Quality-controlled, science-based, near real-time environmental information derived from observations and model results can assist governmental and local authorities as well as other stakeholders to manage routine tasks, emergency situations and evaluate trends. An operational system in the heavily used North Sea may serve as a role model for many coastal areas worldwide.
One of the first COSYNA products is the pre-operational analysis system for current fields in the German Bight based on real-time HF radar data. Flotsam in the North Sea. Measurements and computer models help us determine where flotsam drifts in the North Sea (ESKP contribution).
Surface Current Fields in the German Bight
COSYNA Product: Currents in the German Bight, snapshots from 6 April 2016.
Surface current data from three high-frequency (HF) radar stations at Wangerooge, Büsum, and Sylt is continuously measured and transmitted in "real time" to the Helmholtz-Zentrum Geesthacht. After automated quality control, current vectors are calculated. Every hour, these data are linked to and assimilated into a 3D hydrodynamic model (General Estuarine Transport Model, GETM). Due to this data assimilation, the model results are closer to reality thus reducing forecast errors. In particular, the dominant (M2-) tidal signal is well represented.
The deviation from the measured HF radar current data is typically about 0.1 m/s, with large spatial variantions. Time series of current maps are publicly available for download from the COSYNA data portal. They can be utilized, for instance, for ship traffic safety, for the spreading of pollutants, or for rescue operations.
COSYNA Product: Waves, snapshots (forecasts) from 7 January and 10 January 2018.
The pre-operational COSYNA wave forecast model system runs twice a day at 0 and 12 UTC and provides a 24 hour forecast on the regional scale for the North Sea and on the local scale for the German Bight. With boundary information from the regional wave model EWAM of the German Weather Service (DWD a number of wave parameters such as significant wave height, period, and total wave direction are calculated. Wave rider buoys serve for validation of the model outputs.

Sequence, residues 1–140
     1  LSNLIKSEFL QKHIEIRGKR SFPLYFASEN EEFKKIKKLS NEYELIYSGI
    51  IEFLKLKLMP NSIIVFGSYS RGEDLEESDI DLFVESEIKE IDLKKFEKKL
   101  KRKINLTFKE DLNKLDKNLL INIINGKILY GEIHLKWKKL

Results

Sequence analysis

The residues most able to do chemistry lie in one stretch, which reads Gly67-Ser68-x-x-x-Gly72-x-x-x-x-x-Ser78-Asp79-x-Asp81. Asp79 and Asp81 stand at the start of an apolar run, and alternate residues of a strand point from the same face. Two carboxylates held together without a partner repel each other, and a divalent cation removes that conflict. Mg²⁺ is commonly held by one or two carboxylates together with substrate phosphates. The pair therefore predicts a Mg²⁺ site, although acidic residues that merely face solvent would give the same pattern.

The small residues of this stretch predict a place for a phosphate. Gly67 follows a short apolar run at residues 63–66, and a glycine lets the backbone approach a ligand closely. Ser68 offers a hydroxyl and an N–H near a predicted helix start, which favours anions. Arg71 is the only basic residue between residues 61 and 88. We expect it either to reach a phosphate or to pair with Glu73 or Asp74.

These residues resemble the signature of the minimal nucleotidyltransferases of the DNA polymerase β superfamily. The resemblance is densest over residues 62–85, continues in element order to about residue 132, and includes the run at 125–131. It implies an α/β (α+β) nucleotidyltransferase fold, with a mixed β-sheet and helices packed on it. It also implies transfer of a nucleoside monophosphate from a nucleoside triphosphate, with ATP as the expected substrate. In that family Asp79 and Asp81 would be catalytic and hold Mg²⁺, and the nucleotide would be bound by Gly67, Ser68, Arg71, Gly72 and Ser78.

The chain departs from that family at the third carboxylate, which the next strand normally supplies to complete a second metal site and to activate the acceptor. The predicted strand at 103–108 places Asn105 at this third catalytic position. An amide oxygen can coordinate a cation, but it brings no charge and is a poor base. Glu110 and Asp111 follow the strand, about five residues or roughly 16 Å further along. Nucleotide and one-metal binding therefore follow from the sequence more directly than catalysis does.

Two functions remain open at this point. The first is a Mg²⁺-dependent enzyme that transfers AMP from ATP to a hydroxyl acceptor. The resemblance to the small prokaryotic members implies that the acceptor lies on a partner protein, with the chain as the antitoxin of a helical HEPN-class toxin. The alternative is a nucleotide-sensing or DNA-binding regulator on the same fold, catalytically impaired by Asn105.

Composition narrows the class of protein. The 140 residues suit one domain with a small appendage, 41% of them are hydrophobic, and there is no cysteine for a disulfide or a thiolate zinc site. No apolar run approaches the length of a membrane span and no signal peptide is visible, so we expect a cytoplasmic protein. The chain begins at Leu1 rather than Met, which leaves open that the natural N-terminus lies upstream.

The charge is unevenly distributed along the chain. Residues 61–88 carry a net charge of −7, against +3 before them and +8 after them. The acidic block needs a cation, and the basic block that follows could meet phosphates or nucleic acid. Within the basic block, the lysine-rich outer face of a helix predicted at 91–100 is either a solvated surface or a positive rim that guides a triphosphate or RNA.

COSYNA product: Temperature results from a model, assimilated by remote sensing (OSTIA data set) for July 2017.
Sea surface temperatures (SST) from satellites (Operational Sea Surface Temperature and Sea Ice Analysis – OSTIA) and FerryBoxes are assimilated into a North and Baltic Sea version of the three-dimensional circulation model GETM (General Estuarine Transport Model). The output is validated against independent data sets (for instance, the MARNET Deutsche Bucht station).
COSYNA product: Monthly mean chlorophyll concentrations (2017). After the first algal bloom in April chlorophyll concentrations decrease in Julydue to lack of nutrients. In October the concentrations increase again (fall bloom).
Monthly means and maxima are derived from the daily fields to obtain an improved understanding of chlorophyll dynamics and to reduce the effect of cloud coverage on data. The images show the monthly maximum concentrations of chlorophyll in 2017. They were created by combining many daily scenes for each month. Optical remote sensing is ideal for obtaining spatial information over large areas for almost every day. The lack of information in deeper water levels and under clouds requires additional information from in situ measurements in combination with numerical models to interpolate missing data. Additional in situ data from measurement campaigns and stationary observing systems are taken to validate and improve satellite-derived data.
One of the main characteristics of COSYNA is the development of pre-operational (i.e., routine provision of) ‘products’ that improve present routinely applied observational and modelling techniques. These products comprise hourly updated maps, model results, and 6 hour-forecasts of ocean currents, salinity, temperature, and waves. Future products will include wind fields, ship detection, and biogeochemical parameters. A COSYNA focus is on information derived from an optimized synthesis of observations and model data (see COSYNA product “current”).
The COSYNA products, data and metadata, are disseminated over the internet for further use by different end-users. COSYNA cooperates with government agencies, which, at some stage of the product development, could convert the pre-operational to operational products.